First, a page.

ST: What was your best 10k run in an ITU race?

Nils: Something between 31:30- 31:15 minutes.

ST: This year a nice win in South Africa showed that the win in Arizona in 2012 was not a fluke. Did it pretty much go as planned?

Nils: Yes, South Africa went like I planed. After Cozumel it was important to know that Arizona was not an accident. It made me very happy that Faris Al-Sultan told me after finish that´s easier to win the first then the second long course.

ST: Did Faris have any other words of advice?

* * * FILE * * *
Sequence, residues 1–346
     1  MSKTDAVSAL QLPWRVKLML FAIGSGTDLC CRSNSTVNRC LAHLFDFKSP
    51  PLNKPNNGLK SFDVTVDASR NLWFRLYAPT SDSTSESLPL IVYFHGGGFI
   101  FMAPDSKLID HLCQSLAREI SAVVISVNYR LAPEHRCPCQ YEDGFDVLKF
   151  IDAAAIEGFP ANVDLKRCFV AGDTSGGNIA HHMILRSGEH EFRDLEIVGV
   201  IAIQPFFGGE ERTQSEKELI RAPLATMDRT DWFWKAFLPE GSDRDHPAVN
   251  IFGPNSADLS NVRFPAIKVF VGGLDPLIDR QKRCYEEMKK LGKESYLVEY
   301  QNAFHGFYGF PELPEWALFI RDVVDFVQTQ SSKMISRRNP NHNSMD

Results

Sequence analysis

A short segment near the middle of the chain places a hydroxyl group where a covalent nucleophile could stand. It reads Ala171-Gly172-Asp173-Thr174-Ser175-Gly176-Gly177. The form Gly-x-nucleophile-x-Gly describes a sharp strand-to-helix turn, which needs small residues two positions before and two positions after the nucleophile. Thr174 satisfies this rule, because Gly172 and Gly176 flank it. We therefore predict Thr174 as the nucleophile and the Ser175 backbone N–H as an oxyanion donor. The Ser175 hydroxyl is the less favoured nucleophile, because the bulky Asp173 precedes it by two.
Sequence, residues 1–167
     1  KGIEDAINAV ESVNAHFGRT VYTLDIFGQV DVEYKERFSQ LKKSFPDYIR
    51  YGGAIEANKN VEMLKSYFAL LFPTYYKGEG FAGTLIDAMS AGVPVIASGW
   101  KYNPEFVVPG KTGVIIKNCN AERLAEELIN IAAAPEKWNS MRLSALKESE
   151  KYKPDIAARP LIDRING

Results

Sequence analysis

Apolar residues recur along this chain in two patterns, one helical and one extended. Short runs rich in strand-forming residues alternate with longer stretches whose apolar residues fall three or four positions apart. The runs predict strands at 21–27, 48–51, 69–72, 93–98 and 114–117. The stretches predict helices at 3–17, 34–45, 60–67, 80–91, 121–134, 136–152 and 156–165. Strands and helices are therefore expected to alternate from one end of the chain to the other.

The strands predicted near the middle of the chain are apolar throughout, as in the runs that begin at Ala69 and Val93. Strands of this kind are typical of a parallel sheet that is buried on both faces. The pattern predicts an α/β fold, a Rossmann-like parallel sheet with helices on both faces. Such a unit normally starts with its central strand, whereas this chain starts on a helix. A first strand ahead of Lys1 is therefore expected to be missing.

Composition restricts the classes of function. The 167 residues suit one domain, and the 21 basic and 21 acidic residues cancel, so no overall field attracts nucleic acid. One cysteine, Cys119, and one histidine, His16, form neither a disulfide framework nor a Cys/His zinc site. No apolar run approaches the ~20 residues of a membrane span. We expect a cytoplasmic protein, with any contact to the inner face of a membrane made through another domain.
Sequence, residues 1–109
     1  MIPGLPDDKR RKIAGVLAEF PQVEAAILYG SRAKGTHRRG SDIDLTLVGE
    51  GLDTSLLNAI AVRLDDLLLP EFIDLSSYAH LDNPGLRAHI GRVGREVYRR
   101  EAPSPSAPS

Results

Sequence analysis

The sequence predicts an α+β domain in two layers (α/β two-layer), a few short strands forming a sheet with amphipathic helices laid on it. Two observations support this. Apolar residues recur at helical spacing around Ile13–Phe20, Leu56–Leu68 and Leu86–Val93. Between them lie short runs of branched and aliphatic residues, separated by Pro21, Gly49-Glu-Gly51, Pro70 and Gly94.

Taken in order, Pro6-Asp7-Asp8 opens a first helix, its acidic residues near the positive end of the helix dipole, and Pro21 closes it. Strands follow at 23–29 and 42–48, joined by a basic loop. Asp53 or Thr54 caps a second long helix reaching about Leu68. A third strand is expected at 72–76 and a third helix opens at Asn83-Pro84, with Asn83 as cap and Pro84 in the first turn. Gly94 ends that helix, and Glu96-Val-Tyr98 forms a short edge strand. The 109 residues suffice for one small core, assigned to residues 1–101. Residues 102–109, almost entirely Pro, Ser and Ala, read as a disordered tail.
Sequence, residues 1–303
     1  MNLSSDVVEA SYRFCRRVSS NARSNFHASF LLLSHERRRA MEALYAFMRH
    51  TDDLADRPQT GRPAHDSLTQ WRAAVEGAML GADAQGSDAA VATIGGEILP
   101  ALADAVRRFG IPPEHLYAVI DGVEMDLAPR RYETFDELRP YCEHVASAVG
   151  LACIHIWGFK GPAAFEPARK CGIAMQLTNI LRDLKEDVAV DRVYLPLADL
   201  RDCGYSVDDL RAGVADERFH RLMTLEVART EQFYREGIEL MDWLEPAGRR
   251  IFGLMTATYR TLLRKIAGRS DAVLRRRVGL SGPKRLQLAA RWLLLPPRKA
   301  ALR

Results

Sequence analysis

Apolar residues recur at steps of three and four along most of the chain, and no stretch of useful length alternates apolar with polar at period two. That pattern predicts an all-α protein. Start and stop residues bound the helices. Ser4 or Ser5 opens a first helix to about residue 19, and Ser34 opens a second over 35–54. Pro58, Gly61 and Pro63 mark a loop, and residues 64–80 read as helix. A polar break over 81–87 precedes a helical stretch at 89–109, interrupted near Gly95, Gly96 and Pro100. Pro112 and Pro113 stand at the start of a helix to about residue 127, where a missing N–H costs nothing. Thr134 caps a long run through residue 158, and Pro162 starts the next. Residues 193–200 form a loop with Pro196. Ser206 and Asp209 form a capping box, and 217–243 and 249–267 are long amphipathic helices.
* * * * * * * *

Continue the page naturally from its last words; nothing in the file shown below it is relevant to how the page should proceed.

Nils: Yes, as long course rookie it is good to know people like Faris. You can learn a lot from him. He knows how to win big races and he is one of the athletes I like to listen to his interviews or blogs. I love his direct honest lovely style of talking. He shares his own experiences like using the right sun cream.

ST: You also did well in a few 70.3 races recently and I guess after that there was no more under the radar flying?

Nils: Hopefully! I do my best at every race and it is an honor to be noticed by others.

ST: But when you came to Roth maybe not all eyes were on you.

Nils: Yes and that was good for me! Because of the 30th anniversary Felix Walchshöfer presented one of the strongest field of the Roth history. There were more famed athletes and all eyes where on them. Sometimes it is a better life as a dark horse.

ST: When you finally got away on the bike in Roth, how much of an advantage did you think you needed?